Istria for wine lovers


The industrial port city of Pula, founded by the Romans, sits on Istria’s southern tip, while the cheerful seaside resorts of Rovinj and Pore? lie on the west coast. Inland you’ll find undulating hills supporting vineyards, olive groves and oak forests (concealing pungent truffles), overlooked by medieval-walled hill-towns such as Motovun and Grožnjan.

Culturally, the Illyrians, Romans, Byzantines, Venetians and Austro-Hungarians have all left their marks here. Much of Istria came under Venice from the 13th century till 1798, and the Italian influence is apparent in the centuries-old fortifications, churches and loggias, in the local cuisine (lots of pasta, gnocchi and risotto dishes, plus fresh Adriatic seafood) and the dialect (Italian is the second language here). Tourism developed under Yugoslavia in the 20th century, when modern resorts were built along the coast. Since then niche markets have flourished: cycling, hiking and agrotourism inland, and sailing, sea-kayaking and scuba-diving on the Adriatic.

Winemaking here dates from Roman times – hordes of amphorae have been found on the sea bed. Red Teran and white Malvasia prevail, and both are very versatile. The Romans probably brought Teran here, while Istrian Malvasia is said to have arrived from Monemvasia in Greece aboard Venetian ships some 600 years ago. And there’s Muscat too. There are two main types of soil: red soil, containing a lot of iron, which tends to produce fruity wine; and white soil, which gives forth aromatic wine with notable minerality. Many wineries are organic and the grapes hand-picked. All those listed here are open for tasting by appointment.


The amphitheatre in Pula. Credit: Ve?ra Kailova? / Alamy Stock Photo

Pula‘s skyline is dominated by an impressive Roman amphitheatre, while the site of the Forum is now the main square, overlooked by the proud Temple of Augustus. Roman relics are displayed in the Archaeological Museum, reopening in summer 2023 following renovation. Each morning, Pula’s covered market puts on a show of fresh fruit and vegetables and Adriatic seafood displayed on crushed ice. Come sunset, the industrial port zone lights up, as eight giant cranes are illuminated by multicoloured lighting.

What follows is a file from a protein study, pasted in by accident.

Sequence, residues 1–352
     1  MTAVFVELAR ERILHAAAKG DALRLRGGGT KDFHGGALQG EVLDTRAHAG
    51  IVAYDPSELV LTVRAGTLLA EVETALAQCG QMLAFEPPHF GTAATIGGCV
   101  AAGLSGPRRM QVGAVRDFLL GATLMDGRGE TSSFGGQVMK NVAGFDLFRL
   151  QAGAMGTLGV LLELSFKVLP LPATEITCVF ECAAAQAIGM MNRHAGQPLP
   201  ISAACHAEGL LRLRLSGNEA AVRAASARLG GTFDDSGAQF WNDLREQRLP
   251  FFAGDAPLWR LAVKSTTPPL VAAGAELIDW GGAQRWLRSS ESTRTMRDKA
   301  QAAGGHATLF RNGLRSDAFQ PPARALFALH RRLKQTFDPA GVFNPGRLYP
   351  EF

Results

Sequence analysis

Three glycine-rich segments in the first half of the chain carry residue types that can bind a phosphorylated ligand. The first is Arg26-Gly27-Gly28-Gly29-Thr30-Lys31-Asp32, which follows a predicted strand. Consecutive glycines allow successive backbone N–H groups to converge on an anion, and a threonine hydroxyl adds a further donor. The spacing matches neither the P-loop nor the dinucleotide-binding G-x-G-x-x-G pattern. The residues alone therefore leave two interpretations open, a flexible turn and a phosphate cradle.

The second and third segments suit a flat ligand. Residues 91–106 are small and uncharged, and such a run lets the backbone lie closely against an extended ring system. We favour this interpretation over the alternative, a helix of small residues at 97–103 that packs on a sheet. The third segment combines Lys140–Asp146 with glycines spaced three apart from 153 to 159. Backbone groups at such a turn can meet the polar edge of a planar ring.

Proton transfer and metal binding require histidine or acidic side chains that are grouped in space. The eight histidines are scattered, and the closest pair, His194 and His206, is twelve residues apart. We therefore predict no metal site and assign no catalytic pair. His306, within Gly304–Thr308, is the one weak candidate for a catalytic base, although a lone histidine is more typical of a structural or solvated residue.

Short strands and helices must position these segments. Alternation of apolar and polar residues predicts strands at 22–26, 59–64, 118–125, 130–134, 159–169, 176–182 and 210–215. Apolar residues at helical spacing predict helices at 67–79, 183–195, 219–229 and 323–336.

On the edge of town, sisters Katarina and Ana run the welcoming Benazi? winery with a cellar carved out of the rocks below the family house, and a slick tasting room of polished concrete. The standard tasting offers six wines and a platter with carefully prepared snacks – the stand out wine is the aromatic Katarina Malvazija Istarska 2020, awarded a Silver medal at Decanter World Wine Awards (DWWA) 2022.


Rovinj. Credit: Nino Marcutti / Alamy Stock Photo

For many people, Rovinj is Istria’s loveliest seaside town. Built around a sheltered fishing harbour and overlooked by a hilltop church with an elegant bell tower, you can clearly see Venetian influence in Rovinj’s pastel-coloured facades. With two Michelin-star restaurants and a handful of big modern 5-star waterside hotels (one a member of Design Hotels), Rovinj is Croatia’s second most luxurious destination after Dubrovnik. It lies 36km northwest of Pula.

You’ll find two wineries open for tasting in a residential neighbourhood of Rovinj. Dobravac, where you should try the Sonata Riserva 2020 and orange Simfonija, both from Malvasia; and Vivoda, best known for its fruity St Euphemia 2018, made from Malvasia and aged 16 months in oak, which won a Gold at DWWA 2022.

On a carefully-cultivated hillside southeast of town, Stancija Collis produces good Malvasia and Teran, as well as award-winning olive oil. The winery also keeps donkeys and sells donkey milk.


Motovun and nearby vineyards. Credit: V?ra Kailová / Alamy Stock Photo

In inland Istria, 68km north of Pula, the medieval-walled hilltown of Motovun is central Istria’s most popular destination. From the fortifications, you have spectacular views over the Mirna Valley, with its…

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Istria for wine lovers  
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